ALERT For Accumulating Snow Developing Today With Heavy Snow In Upslope Locales Tonight Into Saturday.
Extremely Bad Conditions Are Expected To Develop As Temperatures Drop – Dangerous Cold Will Develop Late Friday Night Into Saturday-Sunday AM
With respect to the High Knob Landform corridor, the area within the yellow on my forecast graphic possesses the greatest uncertainty for snowfall totals, depending upon the Clipper track and amount of snow which can penetrate into the Powell River basin on NW flow. The area possessing the highest certainty is upper elevations of the High Knob Massif where 4-8″ or locally more will be possible.
Target Snowfall of 4.5″ in Norton-Wise ( +/- ) 1.5″ spread potential. This implies potential for 3″ to 6″ of snowfall in the Norton-Wise area, with locally heavier amounts likely in upper elevations of the High Knob Massif from today into Saturday Night.
A widespread general snowfall will develop today with a fast moving Alberta Clipper System. The bulk of accumulation leeward of the Cumberland Mountains is expected with this system before NW Upslope Flow snow showers, squalls, and snowstreaks develop tonight into Saturday. Due to recent bitter cold, travel conditions are expected to become hazardous across the region with an axis of heavier snow along and/or south of the High Knob Massif into the Great Valley of NE Tennessee with the Clipper.
Potential of a Major Winter Storm Is Increasing for February 15-16. Please stay tuned for updates.
Overnight Into Mid-Morning Friday
Increasing clouds with snow developing between sunrise and mid-morning ( especially along and south of a Harlan to Wise line ). Winds becoming S-SW at 5-15 mph, with higher gusts, across mid to upper elevation mountain ridges and plateaus. Temperatures in the 10s to low 20s, tending to rise some into morning.
Mid-Morning Through This Afternoon
A period of steady snow giving way to flurries and/or a brief break prior to snow showers increasing late within the upslope zone with respect to W-NW winds ( areas inside RED on my snowfall forecast graphic above ). Winds becoming W-WNW at 5-15 mph, with higher gusts. Temperatures varying from low 20s to low 30s ( coldest at highest elevations ). Wind chills in the 10s and 20s.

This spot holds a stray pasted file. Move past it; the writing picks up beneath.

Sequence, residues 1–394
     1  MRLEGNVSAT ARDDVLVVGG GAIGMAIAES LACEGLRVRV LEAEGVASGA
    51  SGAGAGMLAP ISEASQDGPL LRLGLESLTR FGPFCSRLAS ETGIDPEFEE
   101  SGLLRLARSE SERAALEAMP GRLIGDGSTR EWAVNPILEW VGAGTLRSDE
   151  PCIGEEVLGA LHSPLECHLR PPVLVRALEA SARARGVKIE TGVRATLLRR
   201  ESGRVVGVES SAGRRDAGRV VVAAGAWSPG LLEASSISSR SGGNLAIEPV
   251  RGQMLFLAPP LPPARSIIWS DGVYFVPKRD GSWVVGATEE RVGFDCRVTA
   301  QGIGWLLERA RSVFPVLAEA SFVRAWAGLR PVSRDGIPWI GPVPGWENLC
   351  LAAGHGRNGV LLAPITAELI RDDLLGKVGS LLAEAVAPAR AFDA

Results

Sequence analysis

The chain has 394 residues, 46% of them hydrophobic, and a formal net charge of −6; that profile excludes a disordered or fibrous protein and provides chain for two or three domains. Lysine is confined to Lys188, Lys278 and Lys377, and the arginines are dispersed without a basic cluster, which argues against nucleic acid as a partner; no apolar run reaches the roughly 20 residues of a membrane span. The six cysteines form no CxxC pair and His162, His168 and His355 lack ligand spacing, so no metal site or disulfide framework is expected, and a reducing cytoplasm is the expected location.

An organized band of intense snow, with whiteout conditions, will become possible by the late evening-Midnight period with arrival and passage of an Arctic Front ( stay tuned for better timing ).
Tonight Into Saturday Morning
Snow showers & squalls. Whiteout conditions at times in squalls ( with a hit-miss coverage ). Winds becoming NW-NNW at 10-20 mph, with higher gusts. Becoming bitterly cold by morning. Temperatures varying from 0 degrees at summit levels of the High Knob Massif to lower 10s ( single digits to 10 degrees in Norton-Wise ) by morning. Wind chills from 0 to -10 degrees below zero on middle elevation mountain ridges and plateaus, with -10 to -30 degree below zero chills in upper elevations above 3000 feet.
Blowing & drifting snow will develop tonight into Saturday at exposed middle to upper elevations. Some roads in the high country of the High Knob Massif may become impassible.
Weather Discussion ( February 11-12 )
My Afternoon Update
No changes to my forecast this afternoon with everything being on track. A general 0.5″ to 1″ of snow was reported with the clipper system this morning, with highest totals toward the south ( as figured ) where Big Stone Gap got more than the City of Norton ( Around 1″ verses 0.5″ ).
The most snow fell across southern locations south of the High Knob Massif in the Great Valley of NE Tennessee from Bristol southwest to Gatlinburg.
Orographic clouds are laying low across the High Knob Massif, waiting now for the bitter air to help generate the real snow.
There is sure a bounty of cold air poised to drop down.
Temperatures today have ended up colder than the models predicted, and right within my forecast range of lower 20s to lower 30s ( coldest at highest elevations ).
Temperatures have been hovering in the upper 20s ( LNP says 30 but all other available sites report upper 20s ) in Norton-Wise.
It is now merely a waiting period for Great Lake moisture to come south with the bitter air upstream of the mountains.
Timing on the Arctic Cold Front is a little slower on the latest high resolution NAM 4 KM Model, with it being near the VA-KY border by around 1:00 AM. So some time from late evening into the early overnight period. Increasingly severe conditions develop along and behind the Arctic Front into Saturday Morning.